On a forbidden foray into the strange underworld which opens the novel, Lizzy encounters Wynn (aka “Blondie” to the sneering gang members who pursue Lizzy and her friends).  This blonde-haired, blue-eyed heartthrob is more than “just a pretty face.” He is a worthy, intelligent “opponent” to Lizzy’s dismissive first impression, only to have Wynn save her, then have to turn around and save Wynn in the fight that ensues. The young people end up recuperating  on the neighboring starship, “Star,” where its leader, General Norman takes an unusual, unwelcome interest in Lizzy herself, and who also seems to have a strong…

View original post 111 more words


Gaiman, a British citizen living in the US is perhaps best known for his graphic novel, The Sandman, or his huge fantasy novel, Everywheres. Both are captivating reads.  In his introduction to “Cheap Seats,” he says this is not a collected works of his non-fiction, but that is precisely what it is. College commencement speeches, acceptance speeches for rewards, musings and thoughts presented to different academies join book reviews and introductions and other written pieces by the versatile Gaiman.  I began with something I knew, the “Make Art” address to the University of Arts in Philadelphia, which went viral in 2012. It was as stirring as I remembered it when I showed it to my university students that year.

He points out that just as like doctors are approached with, “I have a pain on the left side of my right hip…” and teachers are approached with, “My child has been diagnosed with dyslexia, what should I be doing at home?” authors are constantly presented with, “Where do you get your ideas?”  Sarcastic at first, Gaiman attempts to give an honest answer which is the following:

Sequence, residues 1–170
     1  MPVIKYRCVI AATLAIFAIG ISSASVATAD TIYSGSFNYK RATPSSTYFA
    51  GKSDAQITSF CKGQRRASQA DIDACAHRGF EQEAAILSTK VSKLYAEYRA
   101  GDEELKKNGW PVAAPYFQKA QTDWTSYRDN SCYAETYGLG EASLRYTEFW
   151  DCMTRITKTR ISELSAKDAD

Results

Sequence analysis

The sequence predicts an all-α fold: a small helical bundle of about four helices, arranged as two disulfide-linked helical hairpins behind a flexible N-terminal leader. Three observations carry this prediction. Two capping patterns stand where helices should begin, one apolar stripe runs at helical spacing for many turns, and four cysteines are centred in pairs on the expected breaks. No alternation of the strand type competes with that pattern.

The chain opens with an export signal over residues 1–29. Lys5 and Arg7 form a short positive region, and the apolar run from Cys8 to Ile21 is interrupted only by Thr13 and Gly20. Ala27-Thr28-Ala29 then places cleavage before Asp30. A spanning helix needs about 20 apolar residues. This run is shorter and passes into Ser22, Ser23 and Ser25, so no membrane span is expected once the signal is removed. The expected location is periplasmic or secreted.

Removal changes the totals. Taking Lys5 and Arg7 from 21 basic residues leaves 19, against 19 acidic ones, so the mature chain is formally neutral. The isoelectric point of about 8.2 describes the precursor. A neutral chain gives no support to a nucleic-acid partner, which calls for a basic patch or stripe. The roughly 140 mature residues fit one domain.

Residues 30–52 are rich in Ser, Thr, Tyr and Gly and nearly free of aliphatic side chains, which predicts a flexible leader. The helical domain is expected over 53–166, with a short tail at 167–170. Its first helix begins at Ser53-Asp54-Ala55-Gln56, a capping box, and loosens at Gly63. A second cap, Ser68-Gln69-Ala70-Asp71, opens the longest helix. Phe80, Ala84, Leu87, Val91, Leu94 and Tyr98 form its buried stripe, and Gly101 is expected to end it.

“I make them up.

Out of my head.”

The title essay comes from his experience of being invited to the Oscars and having to sit in the nosebleed section far away from the stage. He had been nominated for the animated film, Coraline, (He did not win, but how could he, competing against Up?) His accounting of that night makes good reading. His British sense of humor carries the day and keeps the reader turning pages, followed by pondering the depth of the point the author has just made. Gaiman has been called, “an inquisitive observer,” and this collection of 60 works of his non-fiction writings is worth the time for anyone who loves books, writers, and writing.

HILLBILLY ELEGY by J.D. Vance: A Review


This 2016 memoir/sociological analysis of the “Hillbilly culture, mind and attitude” was selected by my Third Tuesday Book Club as its January selection.  I had read about this book before, but did not read it because it sounded “depressing.” Instead, I found a young man who OVERCAME every obstacle thrown his way.  If anything, Hillbilly Elegy is inspiring. I wish I had looked at the author’s picture inside the back cover first, for it caused me to gain respect that one so young could be so philosophical about how hard his life could have been (and the scars and holdovers from that life that still plague him) then give his story and his conclusions about what it means to have been “raised hillbilly,”in order to make Americans take a hard look at Hillbilly culture.

Raised in the “Rust Belt” of Middletown, Ohio, and shuttled back and forth between Middletown and…

View original post 120 more words